May 24, 2021 9:51 am

‘We Breathe, We Live: Brotherly Love Protest Stories’ part of ongoing dialogue about race and policing in U.S.

Glenn Holsten's film for Philly's EMOC brings together seven men of various backgrounds, ages and experiences to share their thoughts one year after the killing of George Floyd. Watch it tonight (May 24) at 9 p.m. on WHYY-TV.

One of Isaac Scott’s images of the protests, which are featured in “We Breathe, We Live: Brotherly Love Protest Stories.”

(Courtesy photo)

This guest column was written by Gabriel Bryant, Engaging Males of Color (EMOC) coordinator for the Department of Behavioral Health and Intellectual disAbility Services in Philadelphia.
There are some events and dates in life that you will never forget.

Dates that leave a long-lasting mark on one’s psyche, remembering where you were, how the space felt, the emotions you had and the thoughts that immediately entered your mind.

When the news broke that George Floyd was killed by officer Derek Chauvin in Minneapolis, Minnesota, I was in the living room having just finished a Zoom meeting. It was a quiet, warm day, the sun was out, I was a little hungry, but I felt at ease. Then my phone started ringing.

It was May 25, 2020.

I would join millions of people across the country the next day who would watch the now infamous video — taken by a fearless, teenage onlooker we would later find out was Darnella Frazier — and be shaken once again by the myriad of emotions that have come over the years due to police violence taking the lives of unarmed, Black and brown people.

Summer started early last year.

The City of Philadelphia‘s Department of Behavioral Health and Intellectual disability Services (DBHIDS) Engaging Males of Color (EMOC) initiative, an effort that I lead for the Department, was and is uniquely designed to address some of the challenges that would follow over the course of this past year.

Since conversations and data collection began in 2013 by then DBHIDS Commissioner, Dr. Arthur C. Evans Jr., and our official launch in 2014 when I was brought onboard, we have worked to promote mental health and wellness for men and boys of color in Philadelphia. We seek to increase access and awareness to behavioral health services, build health literacy and reduce the stigma associated with mental health. We understand the vast disparities when it comes to the social determinants of health for this population and build strategic partnerships to assist in connecting folks to resources.

In perhaps a twist of fate here, EMOC, though initially modeled somewhat after then-President Barack Obama’s My Brother’s Keeper initiative, is about as old as the Black Lives Matter movement, which started as a hashtag after George Zimmerman, in 2013, was acquitted in the murder of Trayvon Martin.

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We Breathe, We Live: Brotherly Love Protest Stories” is part of EMOC’s contribution to this ongoing dialogue about race and policing in this country.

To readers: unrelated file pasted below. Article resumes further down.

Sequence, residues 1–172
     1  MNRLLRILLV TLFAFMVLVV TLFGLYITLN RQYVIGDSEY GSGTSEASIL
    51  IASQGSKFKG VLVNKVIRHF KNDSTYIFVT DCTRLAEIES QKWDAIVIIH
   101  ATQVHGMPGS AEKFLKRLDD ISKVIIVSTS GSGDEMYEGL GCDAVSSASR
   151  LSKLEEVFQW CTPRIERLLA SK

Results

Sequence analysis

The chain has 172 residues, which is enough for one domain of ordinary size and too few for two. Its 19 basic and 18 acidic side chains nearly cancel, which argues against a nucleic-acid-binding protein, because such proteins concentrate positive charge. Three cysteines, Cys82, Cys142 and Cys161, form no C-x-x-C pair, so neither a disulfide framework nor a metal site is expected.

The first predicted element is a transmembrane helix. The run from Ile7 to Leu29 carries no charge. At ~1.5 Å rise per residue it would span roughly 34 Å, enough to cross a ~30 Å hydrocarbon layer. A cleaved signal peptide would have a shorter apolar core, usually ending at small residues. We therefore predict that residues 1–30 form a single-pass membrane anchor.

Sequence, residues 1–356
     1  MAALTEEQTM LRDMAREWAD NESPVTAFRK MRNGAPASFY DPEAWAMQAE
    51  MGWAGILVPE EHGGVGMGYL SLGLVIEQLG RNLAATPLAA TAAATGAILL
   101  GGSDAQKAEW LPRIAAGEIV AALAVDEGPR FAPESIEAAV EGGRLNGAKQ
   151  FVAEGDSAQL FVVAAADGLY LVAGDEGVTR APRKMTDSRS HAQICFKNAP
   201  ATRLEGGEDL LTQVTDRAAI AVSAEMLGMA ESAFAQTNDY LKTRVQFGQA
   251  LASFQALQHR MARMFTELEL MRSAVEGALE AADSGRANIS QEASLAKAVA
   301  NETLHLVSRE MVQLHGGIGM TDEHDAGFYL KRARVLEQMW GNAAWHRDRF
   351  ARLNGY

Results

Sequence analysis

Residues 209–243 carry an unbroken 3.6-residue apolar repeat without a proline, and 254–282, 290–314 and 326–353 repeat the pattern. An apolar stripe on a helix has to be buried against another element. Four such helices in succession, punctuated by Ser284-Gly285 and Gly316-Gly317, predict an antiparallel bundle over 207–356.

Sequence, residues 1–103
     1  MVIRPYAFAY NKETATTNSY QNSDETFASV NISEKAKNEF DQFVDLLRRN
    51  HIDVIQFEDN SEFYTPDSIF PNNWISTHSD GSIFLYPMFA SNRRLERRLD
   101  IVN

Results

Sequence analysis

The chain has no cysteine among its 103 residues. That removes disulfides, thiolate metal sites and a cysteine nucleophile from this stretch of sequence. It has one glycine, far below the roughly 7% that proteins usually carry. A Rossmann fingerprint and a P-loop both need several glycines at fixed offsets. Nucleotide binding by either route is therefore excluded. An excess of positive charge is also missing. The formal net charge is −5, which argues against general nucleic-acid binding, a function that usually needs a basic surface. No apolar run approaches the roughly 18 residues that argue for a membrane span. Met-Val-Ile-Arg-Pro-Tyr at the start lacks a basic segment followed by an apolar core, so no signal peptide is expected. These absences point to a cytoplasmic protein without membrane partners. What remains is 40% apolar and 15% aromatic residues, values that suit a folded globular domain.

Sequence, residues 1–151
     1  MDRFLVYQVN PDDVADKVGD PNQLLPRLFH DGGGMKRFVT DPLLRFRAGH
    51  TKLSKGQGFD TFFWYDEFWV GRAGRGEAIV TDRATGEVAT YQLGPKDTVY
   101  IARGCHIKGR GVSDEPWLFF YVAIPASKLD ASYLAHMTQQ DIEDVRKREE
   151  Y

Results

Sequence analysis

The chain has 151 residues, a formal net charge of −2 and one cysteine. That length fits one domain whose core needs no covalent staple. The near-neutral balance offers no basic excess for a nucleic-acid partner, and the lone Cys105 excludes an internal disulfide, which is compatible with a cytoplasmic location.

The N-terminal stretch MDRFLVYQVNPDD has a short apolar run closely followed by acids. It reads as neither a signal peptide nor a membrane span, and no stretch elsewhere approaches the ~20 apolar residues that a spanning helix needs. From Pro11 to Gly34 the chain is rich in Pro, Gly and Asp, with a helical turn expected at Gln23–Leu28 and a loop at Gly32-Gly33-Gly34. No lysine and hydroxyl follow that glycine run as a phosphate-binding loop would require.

[youtube https://www.youtube.com/watch?v=6XJYs0Hs9D8]

Our team has served on panels and shared thoughts in meetings and conferences since May 2020, however it is the value of storytelling, brought on by our special partners in the nonprofit, First Person Arts (FPA), that became the catalyst for this film project. FPA amplifies stories of everyday Philadelphians in dynamic productions and we began a series several years ago, Beyond Expectations, to showcase the innermost feelings and ideas that males of color have and navigate through each day, covering a range of subject areas and issues.

“We Breathe, We Live…” is a continuation of that work.

We identified seven men of various backgrounds, ages and experiences to share their story, as we prepare for the one-year anniversary of this infamous murder and subsequent summer of protests. Where were they? How did they feel? What was it like to be on the ground in the marches? How has this trauma affected them and/or their loved ones? The director of the film, Glenn Holsten, brought a brave and innovative vision to catalyze and link the ideas presented in the film.

These rich stories, plus the inclusion of spoken word poetry and conversations with our DBHIDS EMOC colleagues, give life to a moment that was a peak example of dehumanization.

This film has further resonance since we find ourselves in Mental Health Awareness Month; additionally seen in the relief of millions now that Chauvin has been convicted of his charges.

We hope on Monday, May 24, at 9 p.m. on WHYY-TV (and live on www.whyy.org) that communities will gather to watch this film and see these men, in a state of vulnerability, not as the stereotype, but as the humans that they are.

Which is maybe all that George Floyd wanted.


For more information about EMOC, please contact Gabriel Bryant at Gabriel.bryant@phila.gov, follow EMOC on twitter @emocphilly, and for additional resources and supports, go to www.dbhids.org/boost.


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